The prevalence of immunoglobulin G against B. henselae in particular was shown to be much higher than that previously reported in Sweden (9). Earlier studies used only 2 B. henselae antigens (Houston-1 and Marseille) compared with the 4 different B. henselae antigens used in the present study. Most reactivity to B. henselae in the present study was directed against the Swedish isolate K68 (27%); only 0.8% of controls had antibodies against that antigen.
An increased prevalence of antibodies against B. henselae after exposure to cats has been reported from Spain (10). Because seroconversion against B. henselae occurred in 2 patients who had not been scratched, cat bites may contribute to transmission of B. henselae.
We thank Mardjan Arvand and Eva Olsson-Engvall for providing antigens of B. henselae Berlin1 and B. henselae K68, respectively.
The study was supported by local funds from the Academic Hospital, Uppsala Community.
- Regnery RL, Olson JG, Perkins BA, Bibb W. Serological response to “Rochalimaea henselae” antigen in suspected cat-scratch disease. Lancet. 1992;339:1443–5.
- Koehler JE. Bartonella-associated infections in HIV-infected patients. AIDS Clin Care. 1995;7:97–102.
- Chomel BB, Boulouis HJ, Maruyama S, Breitschwerdt EB. Bartonella spp. in pets and effect on human health. Emerg Infect Dis. 2006;12:389–94.
- Hjelm E, McGill S, Blomqvist G. Prevalence of antibodies to Bartonella henselae, B. elizabethae, and B. quintana in Swedish domestic cats. Scand J Infect Dis. 2002;34:192–6.
- Engvall EO, Brandstrom B, Fermer C, Blomqvist G, Englund L. Prevalence of Bartonella henselae in young, healthy cats in Sweden. Vet Rec. 2003;152:366–9.
- Jameson P, Greene C, Regnery R, Dryden M, Marks A, Brown J, Prevalence of Bartonella henselae antibodies in pet cats throughout regions of North America. J Infect Dis. 1995;172:1145–9.
- Chomel BB, Kasten RW, Henn JB, Molia S. Bartonella infection in domestic cats and wild felids. Ann N Y Acad Sci. 2006;1078:410–5.
- Westling K, Farra A, Cars B, Ekblom AG, Sandstedt K, Settergren B, Cat bite wound infections: a prospective clinical and microbiological study at three emergency wards in Stockholm, Sweden. J Infect. 2006;53:403–7.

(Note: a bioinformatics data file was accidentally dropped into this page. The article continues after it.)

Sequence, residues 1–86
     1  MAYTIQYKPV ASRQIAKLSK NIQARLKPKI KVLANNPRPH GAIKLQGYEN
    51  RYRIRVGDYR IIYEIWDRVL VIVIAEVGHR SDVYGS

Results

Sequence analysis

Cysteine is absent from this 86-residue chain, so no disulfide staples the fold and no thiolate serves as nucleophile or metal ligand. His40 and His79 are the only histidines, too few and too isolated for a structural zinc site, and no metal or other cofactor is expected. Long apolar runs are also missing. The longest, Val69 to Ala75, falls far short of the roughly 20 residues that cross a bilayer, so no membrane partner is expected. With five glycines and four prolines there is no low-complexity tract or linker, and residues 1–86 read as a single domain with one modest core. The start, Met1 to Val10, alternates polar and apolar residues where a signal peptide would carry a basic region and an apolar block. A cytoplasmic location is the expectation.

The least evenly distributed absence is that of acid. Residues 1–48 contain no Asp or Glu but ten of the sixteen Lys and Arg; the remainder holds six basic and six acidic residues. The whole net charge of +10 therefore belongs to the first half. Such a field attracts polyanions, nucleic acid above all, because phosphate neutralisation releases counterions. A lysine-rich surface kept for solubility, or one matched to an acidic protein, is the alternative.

- McGill S, Wesslen L, Hjelm E, Holmberg M, Auvinen MK, Berggren K, Bartonella spp. seroprevalence in healthy Swedish blood donors. Scand J Infect Dis. 2005;37:723–30.
- Blanco Ramos JR, Oteo Revuelta JA, Martinez de Artola V, Ramalle Gomara E, Garcia Pineda A, Ibarra Cucalon V. Seroepidemiology of Bartonella henselae infection in a risk group [in Spanish]. Rev Clin Esp. 1998;198:805–9.
Suggested citation for this article: Westling K, Farra A, Jorup C, Nordenberg Å, Settergren B, Hjelm E. Bartonella henselae antibodies after cat bite [letter]. Emerg Infect Dis [serial on the Internet]. 2008 Dec [date cited]. Available from http://wwwnc.cdc.gov/eid/article/14/12/08-0002
1Presented in part at the 4th International Conference on Bartonella as Emerging Pathogens, 2004 Aug 26–28, Uppsala, Sweden.
2Current affiliation: Central Hospital, Kristianstad, Sweden.
Please use the form below to submit correspondence to the authors or contact them at the following address:
Katarina Westling, Division of Infectious Diseases, Department of Medicine, Karolinska University Hospital/Huddinge I 73, SE 141 86 Stockholm, Sweden;
Comment submitted successfully, thank you for your feedback.
The conclusions, findings, and opinions expressed by authors contributing to this journal do not necessarily reflect the official position of the U.S. Department of Health and Human Services, the Public Health Service, the Centers for Disease Control and Prevention, or the authors' affiliated institutions. Use of trade names is for identification only and does not imply endorsement by any of the groups named above.
- Page created: July 22, 2010
- Page last updated: July 22, 2010
- Page last reviewed: July 22, 2010
- Centers for Disease Control and Prevention,
National Center for Emerging and Zoonotic Infectious Diseases (NCEZID)
Office of the Director (OD)